By Vicki Sahanatien, Senior Officer, Government and Community Relations, Arctic
One of the most important environmental impact assessment decisions for Nunavut was issued on Friday, September 14th. Late last week, the Nunavut Impact Review Board (NIRB) released its final hearing report on the Baffinland Iron Mines Corporation Mary River Project Proposal. The Mary River proposal is for an open pit iron ore mine on located on north Baffin Island, Nunavut. NIRB considered the potential effects of developing and operating the mine, all associated infrastructure and transportation of the ore to markets.
Transportation of the ore was the most challenging environmental issue. Concerns about the potential impacts of transporting the iron ore from north Baffin Island to European markets were expressed by individuals, communities, Inuit Organizations, federal and territorial government departments and WWF-Canada during the technical (2011) and final (2012) hearings. The ore will first travel by rail from the inland mine site to the purpose built Steensby Inlet port, then by massive ships through Foxe Basin and Hudson Strait to the Atlantic Ocean. The Mary River mine life expectancy is 21 years.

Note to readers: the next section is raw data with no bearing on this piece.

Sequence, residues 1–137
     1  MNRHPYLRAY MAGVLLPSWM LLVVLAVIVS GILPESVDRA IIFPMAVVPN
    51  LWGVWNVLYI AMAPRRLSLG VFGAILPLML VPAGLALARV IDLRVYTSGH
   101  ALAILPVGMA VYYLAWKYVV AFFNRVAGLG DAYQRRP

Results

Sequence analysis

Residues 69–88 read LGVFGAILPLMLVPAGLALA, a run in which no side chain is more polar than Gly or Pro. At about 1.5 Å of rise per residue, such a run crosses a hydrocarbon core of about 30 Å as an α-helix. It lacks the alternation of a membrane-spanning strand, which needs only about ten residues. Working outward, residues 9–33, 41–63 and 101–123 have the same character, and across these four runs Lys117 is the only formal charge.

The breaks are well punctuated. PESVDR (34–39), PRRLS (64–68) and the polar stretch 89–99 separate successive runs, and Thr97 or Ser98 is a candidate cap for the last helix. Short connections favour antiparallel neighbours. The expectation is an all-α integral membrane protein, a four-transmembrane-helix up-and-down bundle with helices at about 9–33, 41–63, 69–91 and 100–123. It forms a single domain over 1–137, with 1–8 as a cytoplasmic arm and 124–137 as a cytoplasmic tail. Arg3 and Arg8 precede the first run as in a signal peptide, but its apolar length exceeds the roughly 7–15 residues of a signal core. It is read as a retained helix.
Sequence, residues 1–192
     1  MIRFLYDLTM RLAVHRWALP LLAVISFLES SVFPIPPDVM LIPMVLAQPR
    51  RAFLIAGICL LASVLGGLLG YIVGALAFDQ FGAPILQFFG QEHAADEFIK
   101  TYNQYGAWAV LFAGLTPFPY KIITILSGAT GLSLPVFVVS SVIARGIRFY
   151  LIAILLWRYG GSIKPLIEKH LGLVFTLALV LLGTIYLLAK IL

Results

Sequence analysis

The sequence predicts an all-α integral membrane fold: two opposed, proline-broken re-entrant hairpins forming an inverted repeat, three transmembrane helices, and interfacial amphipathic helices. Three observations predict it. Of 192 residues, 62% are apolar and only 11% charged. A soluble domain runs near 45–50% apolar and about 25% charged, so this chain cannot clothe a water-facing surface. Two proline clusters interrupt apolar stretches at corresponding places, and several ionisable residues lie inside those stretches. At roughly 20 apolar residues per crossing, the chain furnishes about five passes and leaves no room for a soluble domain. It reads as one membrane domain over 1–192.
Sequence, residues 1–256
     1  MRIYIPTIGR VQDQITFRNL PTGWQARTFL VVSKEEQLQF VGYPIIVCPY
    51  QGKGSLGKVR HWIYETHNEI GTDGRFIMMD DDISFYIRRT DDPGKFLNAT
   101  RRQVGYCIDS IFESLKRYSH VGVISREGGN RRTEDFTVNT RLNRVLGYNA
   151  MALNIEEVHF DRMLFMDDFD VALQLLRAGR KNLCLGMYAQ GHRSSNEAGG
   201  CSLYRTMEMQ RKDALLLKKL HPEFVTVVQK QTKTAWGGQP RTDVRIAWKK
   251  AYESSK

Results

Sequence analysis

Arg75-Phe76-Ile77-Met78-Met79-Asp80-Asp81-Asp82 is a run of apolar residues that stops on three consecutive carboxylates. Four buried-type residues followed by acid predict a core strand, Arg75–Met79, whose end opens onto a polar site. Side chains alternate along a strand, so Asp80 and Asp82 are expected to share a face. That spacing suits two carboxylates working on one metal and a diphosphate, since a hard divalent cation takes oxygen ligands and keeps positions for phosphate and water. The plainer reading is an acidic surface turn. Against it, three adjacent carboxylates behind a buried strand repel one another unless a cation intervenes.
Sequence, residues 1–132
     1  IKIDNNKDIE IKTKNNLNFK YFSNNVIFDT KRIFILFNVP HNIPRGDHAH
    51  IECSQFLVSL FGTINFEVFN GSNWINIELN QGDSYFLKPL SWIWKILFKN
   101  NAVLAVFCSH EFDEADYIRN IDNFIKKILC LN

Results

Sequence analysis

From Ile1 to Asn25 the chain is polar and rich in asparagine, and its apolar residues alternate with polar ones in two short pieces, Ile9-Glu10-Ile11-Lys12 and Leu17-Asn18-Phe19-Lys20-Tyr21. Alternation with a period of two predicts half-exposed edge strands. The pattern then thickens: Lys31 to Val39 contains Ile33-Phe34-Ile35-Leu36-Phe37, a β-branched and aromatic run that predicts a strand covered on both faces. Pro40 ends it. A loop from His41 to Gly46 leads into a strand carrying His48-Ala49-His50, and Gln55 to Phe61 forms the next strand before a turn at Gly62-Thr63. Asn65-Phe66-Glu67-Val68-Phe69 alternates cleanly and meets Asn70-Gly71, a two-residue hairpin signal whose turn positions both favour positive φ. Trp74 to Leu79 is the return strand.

The size of the ore carriers proposed (with a capacity six times the size of the MV Arctic, currently the main ship doing year-round shipping in the Canadian Arctic) and the intensity of traffic (with over 200 ship transits per year) and potential effects of the year round shipping activities on the marine environment and marine wildlife species are unprecedented in Nunavut and the Canadian Arctic.
(C) Martin von Mirbach, WWF-Canada
The final hearing report repeatedly recognized the pristine qualities of north Baffin Island and the marine environments of Foxe Basin and Hudson Strait. Further, given the high level of uncertainty in the evaluations of potential and cumulative project effects and the information gaps in the baseline ecological database, NIRB recommended that the project proceed based on the precautionary approach, with extensive ecosystem monitoring put in place. NIRB listened to the concerns raised by communities, government departments and WWF in regards to the environmental and socio-economic impacts by recommending 184 terms and conditions with its project approval.
It is now in the hands of the Honourable John Duncan, Federal Minister of Aboriginal Affairs and Northern Development Canada. Based on Section 12 of the Nunavut Land Claim Agreement it is the Minister’s responsibility to review the NIRB final hearing report and make the final decision (see section 12.5.7). Will the Minister agree to the terms and conditions NIRB has recommended? Nunavummiut and WWF-Canada will watch for the Minister’s final decision, as should all Canadians, as his decision will set the bar for environmentally responsible development in the Canadian Arctic.